I've read it several times, several places: People who are outraged over the money spent on the stimulus bill have no idea what was actually in it; and when they are informed, they like pretty much everything about it. Except, I guess, to the extent they still believe the Reagan/Bush lie that they can have it for free, that we can survive as a nation without even the teeniest of sacrifices.
.....Yes, the stimulus has cut taxes for 95% of working Americans, bailed out every state, hustled record amounts of unemployment benefits and other aid to struggling families and funded more than 100,000 projects to upgrade roads, subways, schools, airports, military bases and much more. But in the words of Vice President Joe Biden, Obama's effusive Recovery Act point man, "Now the fun stuff starts!" The "fun stuff," about one-sixth of the total cost, is an all-out effort to exploit the crisis to make green energy, green building and green transportation real; launch green manufacturing industries; computerize a pen-and-paper health system; promote data-driven school reforms; and ramp up the research of the future. "This is a chance to do something big, man!" Biden said during a 90-minute interview with TIME.
For starters, the Recovery Act is the most ambitious energy legislation in history, converting the Energy Department into the world's largest venture-capital fund. It's pouring $90 billion into clean energy, including unprecedented investments in a smart grid; electric cars; renewable power from the sun, wind and earth; cleaner coal; advanced biofuels; and factories to manufacture green stuff in the U.S. The act will also triple the number of smart electric meters in our homes, quadruple the number of hybrids in the federal auto fleet and finance far-out energy research through a new government incubator modeled after the Pentagon agency that fathered the Internet.... ...The stimulus is also stocked with nonenergy game changers, like a tenfold increase in funding to expand access to broadband and an effort to sequence more than 2,300 complete human genomes - when only 34 were sequenced with all previous aid. There's $8 billion for a high-speed passenger rail network, the boldest federal transportation initiative since the interstate highways. There's $4.35 billion in Race to the Top grants to promote accountability in public schools, perhaps the most significant federal education initiative ever - it's already prompted 35 states and the District of Columbia to adopt reforms to qualify for the cash. There's $20 billion to move health records into the digital age, which should reduce redundant tests, dangerous drug interactions and errors caused by doctors with chicken-scratch handwriting. Health and Human Services Secretary Kathleen Sebelius calls that initiative the foundation for reform and "maybe the single biggest component in improving quality and lowering costs."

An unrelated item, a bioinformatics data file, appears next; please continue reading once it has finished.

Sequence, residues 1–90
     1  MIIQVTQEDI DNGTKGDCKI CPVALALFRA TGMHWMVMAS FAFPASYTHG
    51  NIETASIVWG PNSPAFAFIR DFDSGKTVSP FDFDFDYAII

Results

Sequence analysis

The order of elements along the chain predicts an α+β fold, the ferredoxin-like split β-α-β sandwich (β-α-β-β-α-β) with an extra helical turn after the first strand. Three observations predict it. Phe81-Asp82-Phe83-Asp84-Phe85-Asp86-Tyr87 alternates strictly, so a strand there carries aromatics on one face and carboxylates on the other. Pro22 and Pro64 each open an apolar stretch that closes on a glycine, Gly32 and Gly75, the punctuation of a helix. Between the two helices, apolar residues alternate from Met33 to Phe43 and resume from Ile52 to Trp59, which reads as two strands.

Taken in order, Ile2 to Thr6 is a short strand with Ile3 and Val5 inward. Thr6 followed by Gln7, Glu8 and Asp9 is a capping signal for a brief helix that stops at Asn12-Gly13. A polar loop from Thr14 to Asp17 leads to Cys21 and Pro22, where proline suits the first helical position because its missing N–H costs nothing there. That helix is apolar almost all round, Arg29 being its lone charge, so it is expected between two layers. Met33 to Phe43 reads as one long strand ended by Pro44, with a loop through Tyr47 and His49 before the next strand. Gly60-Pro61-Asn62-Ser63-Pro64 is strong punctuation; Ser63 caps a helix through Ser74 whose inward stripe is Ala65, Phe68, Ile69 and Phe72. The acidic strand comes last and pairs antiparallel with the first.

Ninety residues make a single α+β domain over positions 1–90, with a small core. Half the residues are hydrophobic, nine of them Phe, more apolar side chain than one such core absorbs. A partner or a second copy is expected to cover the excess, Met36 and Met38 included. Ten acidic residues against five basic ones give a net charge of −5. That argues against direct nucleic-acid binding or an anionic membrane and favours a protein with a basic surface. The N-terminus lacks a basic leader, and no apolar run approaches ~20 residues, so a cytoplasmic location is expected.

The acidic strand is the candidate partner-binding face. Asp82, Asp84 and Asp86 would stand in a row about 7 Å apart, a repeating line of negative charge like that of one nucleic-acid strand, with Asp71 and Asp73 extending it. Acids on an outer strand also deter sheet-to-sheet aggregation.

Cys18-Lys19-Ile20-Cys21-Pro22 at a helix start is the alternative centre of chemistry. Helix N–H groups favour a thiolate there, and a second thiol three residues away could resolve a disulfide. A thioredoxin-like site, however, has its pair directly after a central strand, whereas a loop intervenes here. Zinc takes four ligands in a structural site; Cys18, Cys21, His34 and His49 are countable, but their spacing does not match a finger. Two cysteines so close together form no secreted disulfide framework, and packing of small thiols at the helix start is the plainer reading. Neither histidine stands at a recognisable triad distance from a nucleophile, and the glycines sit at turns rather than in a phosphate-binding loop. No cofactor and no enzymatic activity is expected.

Any of those programs would have been a revolution in its own right. "We've seen more reform in the last year than we've seen in decades, and we haven't spent a dime yet," says Education Secretary Arne Duncan. "It's staggering how the Recovery Act is driving change."..... .... Obama has spent most of his first term trying to clean up messes - in the Gulf of Mexico, Iraq and Afghanistan, on Wall Street and Main Street - but the details in the stimulus plan are his real down payment on change. The question is which changes will last. Will electric cars disappear after the subsidies disappear? Will advanced battery factories migrate back to China? Will bullet trains ever get built? The President wants to extend transformative programs like ARPA-E. But would they be substitutes for the status quo or just additions to tack onto the deficit? And would they survive a Republican Congress?Polls suggest the actual contents of the Recovery Act are popular. But the idea of the stimulus itself remains toxic - and probably will as long as the recovery remains tepid. "Today, it's judged by jobs," Rogers says of the act. "But in 10 years, it'll be judged by whether it transformed our economy."
There's enough meat in the quite-long article to feed both sides of the debate -- if, that is, it actually were a debate. Needed? Necessary? Let's argue. But where is there evidence in any of it -- ANY OF IT -- that this is some sort of evil plan to take down America? The opposition, rather than adding value, is reduced to hyperventilating and making up ghost stories; taking words out of context, sending paranoid emails back and forth among themselves (having to use their non-dominant hands, I'd assume.) Manipulating sheeple at will.